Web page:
Walk - Porthluney Cove
Walk information provided with help from Natural England. Map reproduced by permission of Ordnance Survey on behalf of HMSO. © Crown copyright and database right 2020. Ordnance Survey Licence number 100022021.
- From the Porthluney Beach car park walk up to the road and turn right into a field a moment later, to follow the South West Coast Path around behind the trees to your right. Carry on along the clifftop path as it sweeps around the coast and drops gently towards the sand at Hemmick Beach before pulling away leftwards to the road above.
Porthluney's Cornish name, 'Porth Leveny', means 'cove of the smooth river'. The River Luney had once been navigable right the way through to Polmassick, more than two miles inland. Designated a Eurobeach in celebration of its golden sand and safe swimming, in 1979 it was used for the filming of Daphne du Maurier's ' Rebecca' (see the Lankelly & Menabilly Walk).
On its western cliffs there is a Georgian watch house, one of several built along this part of the coast to keep a lookout over the English Channel during the Napoleonic Wars (see the Dodman Point Walk). It is thought that there was also a battery on this site. In 1973 a small cannon was found buried on the beach, thought to date from around 1750. The pill boxes on the beach, however, date from the Second World War!
The caves on the eastern end of the beach contain fossils in the rocks, dating them to 400 million years old, and in these cliffs there is also a small patch of limestone, not commonly found in Cornwall. The rock was probably once burnt in a nearby limekiln to make fertiliser, and seaweed was collected from the beach for the same purpose.
- Turn left on the road and take the footpath on the right a short distance beyond the cottage on the left, heading uphill through two fields before coming out on the road again.
- Turn right on the road and walk through the hamlet of Boswinger, turning right after the farm to come out at the T-junction by the church.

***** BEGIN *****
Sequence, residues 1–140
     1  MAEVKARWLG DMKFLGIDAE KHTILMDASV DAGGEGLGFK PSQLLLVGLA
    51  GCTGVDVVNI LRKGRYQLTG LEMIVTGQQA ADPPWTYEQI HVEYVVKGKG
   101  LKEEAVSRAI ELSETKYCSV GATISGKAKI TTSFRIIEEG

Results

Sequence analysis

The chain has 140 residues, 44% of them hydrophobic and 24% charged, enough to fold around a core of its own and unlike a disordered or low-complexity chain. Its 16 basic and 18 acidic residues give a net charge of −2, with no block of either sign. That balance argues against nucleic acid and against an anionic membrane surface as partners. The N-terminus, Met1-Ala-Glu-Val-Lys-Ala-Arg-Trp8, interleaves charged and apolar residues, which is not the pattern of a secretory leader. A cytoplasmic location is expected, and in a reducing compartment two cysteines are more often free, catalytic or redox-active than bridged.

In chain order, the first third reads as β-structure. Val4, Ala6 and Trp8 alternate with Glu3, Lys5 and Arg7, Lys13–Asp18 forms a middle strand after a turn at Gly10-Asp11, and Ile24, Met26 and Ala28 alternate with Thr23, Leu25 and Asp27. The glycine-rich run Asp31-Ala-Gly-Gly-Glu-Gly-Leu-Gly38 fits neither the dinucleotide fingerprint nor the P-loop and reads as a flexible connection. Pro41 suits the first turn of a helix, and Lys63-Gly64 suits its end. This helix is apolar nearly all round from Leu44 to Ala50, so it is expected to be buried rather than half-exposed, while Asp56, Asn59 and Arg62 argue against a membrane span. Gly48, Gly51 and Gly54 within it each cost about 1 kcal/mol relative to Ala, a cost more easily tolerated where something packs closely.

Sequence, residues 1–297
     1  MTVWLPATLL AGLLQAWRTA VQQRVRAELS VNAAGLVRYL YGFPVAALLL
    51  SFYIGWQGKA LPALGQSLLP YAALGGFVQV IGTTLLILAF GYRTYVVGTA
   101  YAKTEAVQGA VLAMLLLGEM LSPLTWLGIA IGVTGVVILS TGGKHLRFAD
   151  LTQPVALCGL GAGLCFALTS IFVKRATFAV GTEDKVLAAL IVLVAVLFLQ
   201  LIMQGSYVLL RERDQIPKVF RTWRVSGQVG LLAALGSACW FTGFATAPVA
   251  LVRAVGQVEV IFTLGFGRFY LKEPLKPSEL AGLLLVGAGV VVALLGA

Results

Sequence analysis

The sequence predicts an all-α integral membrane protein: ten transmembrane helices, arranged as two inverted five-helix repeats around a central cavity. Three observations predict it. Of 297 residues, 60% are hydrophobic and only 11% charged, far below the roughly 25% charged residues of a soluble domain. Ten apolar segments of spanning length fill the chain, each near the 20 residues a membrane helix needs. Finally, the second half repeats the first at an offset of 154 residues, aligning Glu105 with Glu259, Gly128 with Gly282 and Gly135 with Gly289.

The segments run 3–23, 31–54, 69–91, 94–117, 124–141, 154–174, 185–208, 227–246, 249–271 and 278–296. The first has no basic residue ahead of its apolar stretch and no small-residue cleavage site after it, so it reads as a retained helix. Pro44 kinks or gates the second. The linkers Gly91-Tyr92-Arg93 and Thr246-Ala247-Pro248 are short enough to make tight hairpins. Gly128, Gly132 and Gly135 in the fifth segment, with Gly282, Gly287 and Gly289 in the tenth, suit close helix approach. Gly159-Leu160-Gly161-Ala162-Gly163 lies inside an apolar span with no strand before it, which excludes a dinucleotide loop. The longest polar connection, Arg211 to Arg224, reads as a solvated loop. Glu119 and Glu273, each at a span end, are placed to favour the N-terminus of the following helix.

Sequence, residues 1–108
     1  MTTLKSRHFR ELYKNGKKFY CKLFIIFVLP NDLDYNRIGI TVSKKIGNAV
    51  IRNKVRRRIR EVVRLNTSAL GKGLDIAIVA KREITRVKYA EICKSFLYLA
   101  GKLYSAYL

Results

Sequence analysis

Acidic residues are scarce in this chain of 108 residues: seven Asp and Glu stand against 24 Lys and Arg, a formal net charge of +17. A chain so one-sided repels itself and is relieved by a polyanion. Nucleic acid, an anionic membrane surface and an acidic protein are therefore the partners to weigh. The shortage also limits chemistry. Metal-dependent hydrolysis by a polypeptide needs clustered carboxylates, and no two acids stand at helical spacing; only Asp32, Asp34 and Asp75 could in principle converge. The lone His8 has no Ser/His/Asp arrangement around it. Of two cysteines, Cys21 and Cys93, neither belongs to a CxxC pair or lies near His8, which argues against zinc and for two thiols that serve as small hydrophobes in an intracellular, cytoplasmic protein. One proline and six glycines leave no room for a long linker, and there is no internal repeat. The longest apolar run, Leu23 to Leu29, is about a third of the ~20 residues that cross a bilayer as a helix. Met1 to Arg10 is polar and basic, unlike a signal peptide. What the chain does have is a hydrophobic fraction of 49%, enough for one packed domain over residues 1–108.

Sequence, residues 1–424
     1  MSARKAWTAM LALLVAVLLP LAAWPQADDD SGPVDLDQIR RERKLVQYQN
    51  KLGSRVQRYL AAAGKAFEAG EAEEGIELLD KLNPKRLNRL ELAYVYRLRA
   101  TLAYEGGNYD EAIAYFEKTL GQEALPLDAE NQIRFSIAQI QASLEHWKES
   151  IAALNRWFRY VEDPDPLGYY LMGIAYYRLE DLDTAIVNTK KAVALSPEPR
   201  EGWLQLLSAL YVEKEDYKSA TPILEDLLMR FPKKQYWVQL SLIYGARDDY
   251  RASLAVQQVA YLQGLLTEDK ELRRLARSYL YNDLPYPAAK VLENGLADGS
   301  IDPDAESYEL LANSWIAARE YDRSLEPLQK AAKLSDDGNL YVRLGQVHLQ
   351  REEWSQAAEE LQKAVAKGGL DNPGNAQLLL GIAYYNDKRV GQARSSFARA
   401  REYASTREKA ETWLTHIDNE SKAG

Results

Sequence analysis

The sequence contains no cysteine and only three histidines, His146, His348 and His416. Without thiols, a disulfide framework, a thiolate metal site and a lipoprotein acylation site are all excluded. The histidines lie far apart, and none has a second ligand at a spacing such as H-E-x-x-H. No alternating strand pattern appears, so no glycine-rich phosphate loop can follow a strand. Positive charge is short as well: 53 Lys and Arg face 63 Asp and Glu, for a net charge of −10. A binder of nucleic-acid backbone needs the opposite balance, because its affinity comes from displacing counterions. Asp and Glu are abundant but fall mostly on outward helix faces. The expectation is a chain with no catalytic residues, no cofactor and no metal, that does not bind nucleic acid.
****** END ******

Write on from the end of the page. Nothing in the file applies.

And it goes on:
Archaeologists have found evidence of a sizeable Iron Age settlement at Boswinger, including several hut circles, as well as burial mounds from the Bronze Age before it. It is believed to have been populated throughout the Dark Ages, and there are records of a medieval settlement here in 1201. The church in the hamlet is a Wayside Bible chapel, a simple Gothic-style building considered to be a very attractive and unaltered example of its type.
- At the T-junction turn left towards Caerhays and take the footpath on the right a short distance further on. At the end of the hedge go through the gap into the field on the left, carrying on alongside the hedge again and onwards along the lane heading gently downhill to Treveor.
There is plenty of evidence that there has been some kind of settlement at Treveor, too, for the last four thousand years, and records exist of a 'plain an gwarry' here in 1604. This was a small round amphitheatre, unique to Cornwall, used for mummers' plays as well as prayer meetings.
- At Treveor turn left on the road and walk on past the farm buildings to take the footpath on your left at the right-hand bend. Walk down to the trees slightly to the right of the left-hand corner and go through into the field beyond, turning right to walk down the lane past the houses on Tregavarras Row.
Tregavarras is another hamlet with medieval roots and was first recorded in 1269.
- Bear left on the road to walk through Tregavarras, carrying on along the footpath on the first lane to the right when the road turns sharply left. Drop diagonally through the field to return to the car park at Porthluney Beach.
Caerhays Castle, overlooking the beach, was built in 1807 on the site of a manor once owned by the Arundell family. The nineteenth-century mansion was designed by John Nash, the creator of Buckingham Palace and Brighton Pavilion, who complemented it with formal gardens full of ornamental towers and follies. In 1880 Caerhays was inherited by John Charles Williams, a passionate gardener who joined the Royal Horticultural Society and set about extending the gardens and filling them with vast quantities of exotic plans gathered from all corners of the globe. Today Caerhays is renowned worldwide for his extensive woodland gardens, featuring lavish collections of rhododendrons and camellias. It is also the home of the National Magnolia Collection.
Another fascinating feature of the castle is its mineral collection, one of the finest of its times. It was assembled by John and Michael Williams, both founder members of the Royal Geological Society of Cornwall in 1814. It is on public view during guided tours of the castle, which take place between March and June (although group visits can be arranged throughout the year). The gardens are open from February to June. For more information visit www.caerhays.co.uk
The first recorded settlement of Caerhays was in 1259 when it was spelt 'Karihaes'. The first syllable of this Cornish name suggests that it is the site of a round, or enclosed settlement, from the Iron Age or Early Roman period. In 1865, workmen clearing a drain on the Caerhays estate found a hoard of 2500 Roman coins. This was a rare find in Cornwall, which was usually too remote to be of much interest to the Romans beyond its valuable sources of copper and tin.
There is a seasonal beach hut at Porthluney.